The right time to start saving for a pension depends on your financial situation. Paying into a pension for later means you have less to spend now, and at this stage, you may well have more pressing demands on your money:
- Certainly, if you have costly debts, it would be wise to repay those first (with the possible exception of your Student Loan), before putting money into a pension or savings.
- It might also make sense to set aside some cash in an Easy Access savings account for emergency funds, before starting a pension.
- You may then prefer to begin regular savings towards longer-term larger necessities, like a car, laptop, furniture etc.
It is a question of balancing your priorities, taking account of short-term and much longer-term needs. You receive a state pension related to your National Insurance contributions, but that alone might not provide sufficient income for retirement. Pensions experts recommend that you top it up with a workplace pension or private pension; once your financial position is stable, it’s a good idea to start as soon as you can. If you are unsure about committing straight away, you can always transfer money from other savings into a pension later on.
If your employer operates an auto-enrolment scheme, you will have to opt out if you don’t want to save towards your pension at this stage. However if your employer offers a pension scheme that matches your contributions, it is certainly worthwhile joining as early as possible, otherwise you are effectively rejecting free money!
Find out more:
Pensions – Virgin Money
3 minute film
Save or Invest?
It’s important to understand the differences:
Aim: You tend to put money aside a bit at a time to build a lump sum, often with a particular goal in mind e.g. a car, a deposit on a home, or to keep some emergency funds.
You put your money into the safest places/products and you get it all back plus interest.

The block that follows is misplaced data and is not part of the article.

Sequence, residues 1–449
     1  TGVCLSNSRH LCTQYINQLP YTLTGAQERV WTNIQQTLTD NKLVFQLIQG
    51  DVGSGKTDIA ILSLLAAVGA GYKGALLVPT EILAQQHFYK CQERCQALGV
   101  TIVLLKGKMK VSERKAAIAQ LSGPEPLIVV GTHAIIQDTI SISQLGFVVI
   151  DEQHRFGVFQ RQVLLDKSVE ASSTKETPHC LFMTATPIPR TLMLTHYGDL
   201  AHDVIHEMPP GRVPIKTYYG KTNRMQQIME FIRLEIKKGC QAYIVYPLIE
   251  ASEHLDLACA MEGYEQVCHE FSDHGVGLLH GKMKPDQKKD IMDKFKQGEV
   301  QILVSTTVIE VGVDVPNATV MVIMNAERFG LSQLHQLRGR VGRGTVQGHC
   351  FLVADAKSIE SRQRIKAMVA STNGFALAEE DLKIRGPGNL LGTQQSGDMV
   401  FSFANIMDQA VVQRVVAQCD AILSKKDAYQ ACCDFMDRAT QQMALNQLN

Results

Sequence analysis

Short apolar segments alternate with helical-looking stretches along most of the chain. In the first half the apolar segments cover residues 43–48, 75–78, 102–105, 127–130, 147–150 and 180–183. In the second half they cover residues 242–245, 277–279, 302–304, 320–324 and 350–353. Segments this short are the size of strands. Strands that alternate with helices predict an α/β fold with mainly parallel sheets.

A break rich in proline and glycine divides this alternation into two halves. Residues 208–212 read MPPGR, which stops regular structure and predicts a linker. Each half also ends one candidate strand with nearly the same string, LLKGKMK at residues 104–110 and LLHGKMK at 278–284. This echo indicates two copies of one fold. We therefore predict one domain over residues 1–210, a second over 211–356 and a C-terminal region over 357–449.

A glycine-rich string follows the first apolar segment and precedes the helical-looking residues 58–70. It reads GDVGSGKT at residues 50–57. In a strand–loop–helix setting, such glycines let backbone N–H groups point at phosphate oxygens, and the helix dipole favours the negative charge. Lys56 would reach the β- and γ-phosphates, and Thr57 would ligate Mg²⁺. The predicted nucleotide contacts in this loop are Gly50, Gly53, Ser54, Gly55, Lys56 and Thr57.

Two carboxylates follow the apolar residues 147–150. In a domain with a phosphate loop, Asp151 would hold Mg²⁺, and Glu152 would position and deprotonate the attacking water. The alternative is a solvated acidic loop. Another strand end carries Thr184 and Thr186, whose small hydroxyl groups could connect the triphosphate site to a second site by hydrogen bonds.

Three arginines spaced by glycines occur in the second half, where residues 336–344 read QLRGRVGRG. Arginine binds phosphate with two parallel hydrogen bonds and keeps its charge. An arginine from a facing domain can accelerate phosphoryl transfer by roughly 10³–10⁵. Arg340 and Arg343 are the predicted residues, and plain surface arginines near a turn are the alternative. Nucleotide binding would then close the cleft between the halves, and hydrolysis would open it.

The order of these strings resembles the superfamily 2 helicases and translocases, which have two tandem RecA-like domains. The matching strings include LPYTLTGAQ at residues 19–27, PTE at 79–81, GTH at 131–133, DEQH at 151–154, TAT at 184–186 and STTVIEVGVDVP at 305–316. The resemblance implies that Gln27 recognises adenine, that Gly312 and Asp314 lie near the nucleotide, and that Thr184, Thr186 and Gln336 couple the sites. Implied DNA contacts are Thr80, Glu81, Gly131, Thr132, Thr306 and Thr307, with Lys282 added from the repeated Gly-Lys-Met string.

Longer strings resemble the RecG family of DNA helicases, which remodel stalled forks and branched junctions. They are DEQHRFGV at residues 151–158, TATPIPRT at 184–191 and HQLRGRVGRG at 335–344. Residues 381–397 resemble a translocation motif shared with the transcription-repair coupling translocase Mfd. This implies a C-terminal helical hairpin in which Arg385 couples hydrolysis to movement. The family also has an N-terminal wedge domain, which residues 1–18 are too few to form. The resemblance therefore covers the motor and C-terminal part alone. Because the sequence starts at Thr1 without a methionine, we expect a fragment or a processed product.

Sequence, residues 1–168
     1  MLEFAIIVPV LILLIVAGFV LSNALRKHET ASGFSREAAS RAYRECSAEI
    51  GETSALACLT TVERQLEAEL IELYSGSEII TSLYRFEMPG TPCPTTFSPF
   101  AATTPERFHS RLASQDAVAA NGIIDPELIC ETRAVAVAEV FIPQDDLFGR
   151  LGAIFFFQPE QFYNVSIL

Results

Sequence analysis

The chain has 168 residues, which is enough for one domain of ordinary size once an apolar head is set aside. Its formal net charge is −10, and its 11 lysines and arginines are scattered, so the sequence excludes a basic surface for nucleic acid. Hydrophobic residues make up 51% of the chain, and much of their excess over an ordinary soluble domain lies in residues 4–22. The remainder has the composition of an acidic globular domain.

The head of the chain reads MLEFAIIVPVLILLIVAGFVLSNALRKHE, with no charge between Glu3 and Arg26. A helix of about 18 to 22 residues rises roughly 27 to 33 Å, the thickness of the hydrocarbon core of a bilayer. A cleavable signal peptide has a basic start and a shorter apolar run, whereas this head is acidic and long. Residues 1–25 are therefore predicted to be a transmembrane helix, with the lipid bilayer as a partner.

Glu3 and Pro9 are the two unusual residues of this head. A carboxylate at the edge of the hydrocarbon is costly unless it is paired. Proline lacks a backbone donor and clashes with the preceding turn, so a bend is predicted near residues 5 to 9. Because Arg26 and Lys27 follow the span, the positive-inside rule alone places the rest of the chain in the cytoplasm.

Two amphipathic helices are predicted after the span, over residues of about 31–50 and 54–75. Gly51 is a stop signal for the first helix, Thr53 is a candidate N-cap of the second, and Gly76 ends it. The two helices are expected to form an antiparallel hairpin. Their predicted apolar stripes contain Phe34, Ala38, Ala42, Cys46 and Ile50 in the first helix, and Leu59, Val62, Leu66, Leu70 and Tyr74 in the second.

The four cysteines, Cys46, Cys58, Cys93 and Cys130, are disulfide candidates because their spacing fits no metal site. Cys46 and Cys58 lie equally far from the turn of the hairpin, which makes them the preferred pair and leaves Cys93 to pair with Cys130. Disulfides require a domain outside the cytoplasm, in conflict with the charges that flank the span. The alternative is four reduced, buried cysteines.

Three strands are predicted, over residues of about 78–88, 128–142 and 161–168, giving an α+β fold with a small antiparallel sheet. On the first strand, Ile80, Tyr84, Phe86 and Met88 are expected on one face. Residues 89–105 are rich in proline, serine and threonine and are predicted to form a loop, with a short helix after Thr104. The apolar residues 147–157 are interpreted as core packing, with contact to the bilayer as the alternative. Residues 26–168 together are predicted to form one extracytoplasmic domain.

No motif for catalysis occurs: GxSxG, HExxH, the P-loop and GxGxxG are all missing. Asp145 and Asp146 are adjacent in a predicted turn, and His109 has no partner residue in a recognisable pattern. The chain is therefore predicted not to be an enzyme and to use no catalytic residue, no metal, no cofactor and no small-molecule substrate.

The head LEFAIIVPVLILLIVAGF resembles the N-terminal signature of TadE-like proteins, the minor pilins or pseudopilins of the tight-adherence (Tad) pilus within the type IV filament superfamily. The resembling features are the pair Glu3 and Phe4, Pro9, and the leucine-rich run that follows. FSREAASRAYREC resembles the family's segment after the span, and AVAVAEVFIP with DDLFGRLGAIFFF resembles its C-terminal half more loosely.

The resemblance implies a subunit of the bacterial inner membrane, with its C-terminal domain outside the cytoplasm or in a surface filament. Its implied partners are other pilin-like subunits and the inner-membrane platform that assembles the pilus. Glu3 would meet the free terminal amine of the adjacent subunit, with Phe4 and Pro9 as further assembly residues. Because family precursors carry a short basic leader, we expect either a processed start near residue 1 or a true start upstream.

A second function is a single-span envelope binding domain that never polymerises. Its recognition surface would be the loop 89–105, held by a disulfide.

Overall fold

You can have easy access to your money when you need it.
Examples: Bank & building society Easy Access savings accounts, ISAs, one-year fixed-rate bonds etc.
The tradeoff for the security and ready availability of savings is that interest rates are not very high – you won’t grow your money at a vast rate.
Aim: You invest in order to get a profitable return, by buying things that might increase in value e.g. stocks and shares in a company, bonds, property, or collectibles like art, antiques, fine wines, classic cars etc.
The tradeoff is potentially higher rewards… but greater risks:
- Investing could earn you more than putting your money into savings accounts, but the risk is the value of your assets/investments can go down as well as up – so you might even end up with less than you started with!
A popular route into investing is via a fund, where a professional manager pools together people’s money and invests in a of different types of assets, which can help spread the risk.
- You generally have to be prepared to put money away for a longer term (minimum 5 years) to smooth out any fluctuations, and accept that there is no guarantee of higher earnings.
So you need to weigh up the potential higher rewards from investing, against the uncertainty and longer time commitment. The choice depends on individual circumstances, but if you don’t want to take any risks with your money, consider whether saving may be preferable to investing.
Find out more:
Investments – Virgin Money
3 minute film
Are You Ready to Invest? – Which
How investing works, useful tips & types of investment
Share Dealing Need-to-Knows – Money Saving Expert
The cheapest way to buy, sell and hold shares